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  • 'I find myself at a loss for how to describe this remarkable work. Just as Karl has, through his laboratory, reimagined, and literally redefined how we view the human brain, he has reimagined and redefined what literary non-fiction can be, with great elegance. For all of us who write about science for the public, this will be a tough act to follow. It's poetic, mind-stretching, and through it all, deeply human'

    Daniel Levitin
  • 'Revelatory ... it recalls the case histories of Oliver Sacks, at times the sweep of Yuval Harari's Sapiens. He writes with an evident love of words - but also, with a lucid line of scientific enquiry'

    Richard Godwin, Guardian
  • 'There are some books that you read and forget. There are others that you read and think about occasionally. Then there are rare gems like Connections that you read, read again and find that the way you think has been irreversibly changed. Incredibly powerful'

    Sue Black, author of All That Remains
  • 'Karl Deisseroth is a master storyteller. Armed with an abundance of compassion and curiosity, he takes us on a spellbinding tour of the mysteries of the human mind through a series of fascinating case studies. His graceful prose weaves a tapestry of complex ideas into memorable stories, each illuminated by cutting-edge science. A delight from the opening paragraph to the stunning conclusion, this book is an invitation to reverence for the complexity of the human brain and its relationship to the mind: a ticket to a state of wonder at the essence of our selves'

    Kathryn Mannix, author of With the End in Mind
  • 'Deisseroth is a talented writer ... It is in his encounters with distressed patients that his talent for marrying science and the imagination becomes most apparent and that his writing comes truly alive. Connections warrants comparison with books such as Do No Harm by Henry Marsh and Brainstorm by Suzanne Sullivan . . . Deisseroth achieves the difficult feat of moving and enlightening the reader at the same time ... [this is] a book that is beautiful to read and packed with cutting edge science'

    Mark Honigsbaum, Observer
  • 'Karl Deisseroth's imaginative narrative flows effortlessly... There is a first love of reading and writing and hints of a literary imagination that draws on James Joyce and Toni Morrison... Deisseroth endeavors to find an emotive language for the psychiatric patients he meets. He accomplishes this by weaving together... psychiatric knowledge, technology, and imagination. These together free him to write poetically... His narratives are always sensitive... an admixture of fact and fiction, reality and imagination, damage and desire'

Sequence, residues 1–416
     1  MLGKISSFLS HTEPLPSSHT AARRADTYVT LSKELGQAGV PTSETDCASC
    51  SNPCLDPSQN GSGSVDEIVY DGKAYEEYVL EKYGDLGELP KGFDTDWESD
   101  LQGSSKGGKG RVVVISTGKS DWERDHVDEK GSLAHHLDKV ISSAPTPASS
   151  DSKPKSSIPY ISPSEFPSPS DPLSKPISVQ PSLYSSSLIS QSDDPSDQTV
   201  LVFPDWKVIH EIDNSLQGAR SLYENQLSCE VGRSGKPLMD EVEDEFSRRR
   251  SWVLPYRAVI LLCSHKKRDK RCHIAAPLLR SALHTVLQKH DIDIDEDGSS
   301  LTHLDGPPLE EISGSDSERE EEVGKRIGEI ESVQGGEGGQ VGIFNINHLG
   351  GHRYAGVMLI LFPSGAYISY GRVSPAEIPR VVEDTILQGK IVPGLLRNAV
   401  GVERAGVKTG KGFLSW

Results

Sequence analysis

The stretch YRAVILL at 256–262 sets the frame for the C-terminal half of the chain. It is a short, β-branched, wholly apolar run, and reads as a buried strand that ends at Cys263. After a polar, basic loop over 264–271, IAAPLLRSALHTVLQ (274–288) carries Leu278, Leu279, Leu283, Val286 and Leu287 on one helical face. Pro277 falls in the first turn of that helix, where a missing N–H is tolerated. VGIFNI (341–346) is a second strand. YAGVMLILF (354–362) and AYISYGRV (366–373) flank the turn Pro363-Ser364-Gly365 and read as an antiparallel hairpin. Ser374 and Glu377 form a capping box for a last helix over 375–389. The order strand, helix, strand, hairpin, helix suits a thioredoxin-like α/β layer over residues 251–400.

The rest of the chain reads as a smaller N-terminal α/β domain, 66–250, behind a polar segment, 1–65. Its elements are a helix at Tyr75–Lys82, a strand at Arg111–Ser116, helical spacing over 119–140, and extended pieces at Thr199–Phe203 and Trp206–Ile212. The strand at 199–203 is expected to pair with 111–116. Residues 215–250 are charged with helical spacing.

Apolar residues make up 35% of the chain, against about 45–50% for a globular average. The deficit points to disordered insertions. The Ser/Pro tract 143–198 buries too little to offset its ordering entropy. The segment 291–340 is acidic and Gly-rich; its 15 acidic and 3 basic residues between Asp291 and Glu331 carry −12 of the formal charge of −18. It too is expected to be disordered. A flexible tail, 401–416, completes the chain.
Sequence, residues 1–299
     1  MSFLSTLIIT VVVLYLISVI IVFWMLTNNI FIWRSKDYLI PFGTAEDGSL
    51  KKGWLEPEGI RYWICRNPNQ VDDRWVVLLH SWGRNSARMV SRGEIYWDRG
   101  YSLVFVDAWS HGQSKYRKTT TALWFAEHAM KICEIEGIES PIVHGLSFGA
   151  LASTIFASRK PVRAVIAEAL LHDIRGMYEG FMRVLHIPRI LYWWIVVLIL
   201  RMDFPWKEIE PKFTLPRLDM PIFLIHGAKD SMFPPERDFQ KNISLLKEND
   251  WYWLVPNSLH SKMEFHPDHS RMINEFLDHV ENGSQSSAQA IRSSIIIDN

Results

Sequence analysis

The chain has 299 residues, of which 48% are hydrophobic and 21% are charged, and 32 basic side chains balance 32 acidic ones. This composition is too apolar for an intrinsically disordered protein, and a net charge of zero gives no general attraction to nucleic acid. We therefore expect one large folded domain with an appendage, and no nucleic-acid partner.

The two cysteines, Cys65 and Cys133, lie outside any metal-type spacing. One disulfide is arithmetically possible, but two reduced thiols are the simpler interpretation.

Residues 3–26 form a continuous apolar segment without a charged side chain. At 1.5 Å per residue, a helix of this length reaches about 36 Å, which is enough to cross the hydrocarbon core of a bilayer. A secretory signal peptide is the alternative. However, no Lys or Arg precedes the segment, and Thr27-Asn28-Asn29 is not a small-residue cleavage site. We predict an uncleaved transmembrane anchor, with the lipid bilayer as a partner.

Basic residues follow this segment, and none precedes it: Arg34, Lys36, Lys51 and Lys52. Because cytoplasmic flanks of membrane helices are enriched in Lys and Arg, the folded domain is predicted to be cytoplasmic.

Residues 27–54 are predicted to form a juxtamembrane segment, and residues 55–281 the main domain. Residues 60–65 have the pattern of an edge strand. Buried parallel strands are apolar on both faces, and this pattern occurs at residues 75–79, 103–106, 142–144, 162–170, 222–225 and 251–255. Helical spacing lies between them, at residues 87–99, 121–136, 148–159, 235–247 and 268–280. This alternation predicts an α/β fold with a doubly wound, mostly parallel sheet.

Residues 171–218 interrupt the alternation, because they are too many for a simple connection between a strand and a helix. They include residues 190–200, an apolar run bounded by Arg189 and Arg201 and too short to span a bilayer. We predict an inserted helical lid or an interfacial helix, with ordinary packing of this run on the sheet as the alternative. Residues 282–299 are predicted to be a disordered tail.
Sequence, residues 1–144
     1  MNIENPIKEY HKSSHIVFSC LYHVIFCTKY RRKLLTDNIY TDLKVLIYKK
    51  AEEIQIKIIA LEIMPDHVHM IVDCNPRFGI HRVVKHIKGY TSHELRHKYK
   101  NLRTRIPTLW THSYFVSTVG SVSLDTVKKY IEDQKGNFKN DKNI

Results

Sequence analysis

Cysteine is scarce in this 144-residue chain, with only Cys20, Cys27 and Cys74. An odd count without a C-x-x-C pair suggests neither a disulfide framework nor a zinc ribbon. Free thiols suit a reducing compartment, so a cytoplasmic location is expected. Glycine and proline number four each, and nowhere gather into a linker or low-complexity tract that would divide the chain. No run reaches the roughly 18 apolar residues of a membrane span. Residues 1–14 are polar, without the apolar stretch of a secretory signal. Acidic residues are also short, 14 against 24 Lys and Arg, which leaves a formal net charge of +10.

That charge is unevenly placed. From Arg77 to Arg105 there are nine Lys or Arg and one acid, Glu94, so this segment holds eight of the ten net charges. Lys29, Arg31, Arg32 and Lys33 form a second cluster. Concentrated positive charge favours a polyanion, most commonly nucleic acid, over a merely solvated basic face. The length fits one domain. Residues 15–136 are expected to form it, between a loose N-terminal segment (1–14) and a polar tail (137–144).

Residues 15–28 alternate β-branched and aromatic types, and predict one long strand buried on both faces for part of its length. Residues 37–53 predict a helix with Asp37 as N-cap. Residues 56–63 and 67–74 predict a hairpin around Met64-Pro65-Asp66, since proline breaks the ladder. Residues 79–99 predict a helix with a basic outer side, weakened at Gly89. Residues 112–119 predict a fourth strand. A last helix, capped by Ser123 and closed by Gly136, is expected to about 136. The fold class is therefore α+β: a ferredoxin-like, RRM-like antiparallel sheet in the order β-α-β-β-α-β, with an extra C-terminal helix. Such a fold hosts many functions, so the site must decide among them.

• '[Deisseroth's] scintillating and moving analysis of the human brain and emotions, based on observations of his patients, proves he is not exaggerating. It is also a great read'

  • 'I've known Karl as a colleague, a scientist whose discoveries in the lab have been breathtaking and revolutionary. Maybe I shouldn't be surprised to discover he's also a stunning writer, his words guiding us to a profound understanding of the nature of human emotions, seamlessly invoking Ovid and optogenetics, Borges and basal ganglia as he takes on this journey. Projections is a tour de force'

    Abraham Verghese, author of Cutting for Stone
  • 'Karl Deisseroth intertwines neuroscience and human stories in a way that is altogether new: technical, lyrical, and deeply compassionate all at once. Through sharing what he's learned as a groundbreaking scientist and a psychiatrist caring for patients with severe illness, he reveals glimmer of what makes us human. This is a crucial book for anyone who loves science, anyone who loves someone suffering from a disorder of the brain, or anyone who, like so many of us, loves both'

    Lucy Kalanithi
  • 'The writing in this exploration of what causes human emotion at a cellular level is extraordinarily good, inviting comparisons with the work of Oliver Sacks and Henry Marsh' (Editor's Choice)


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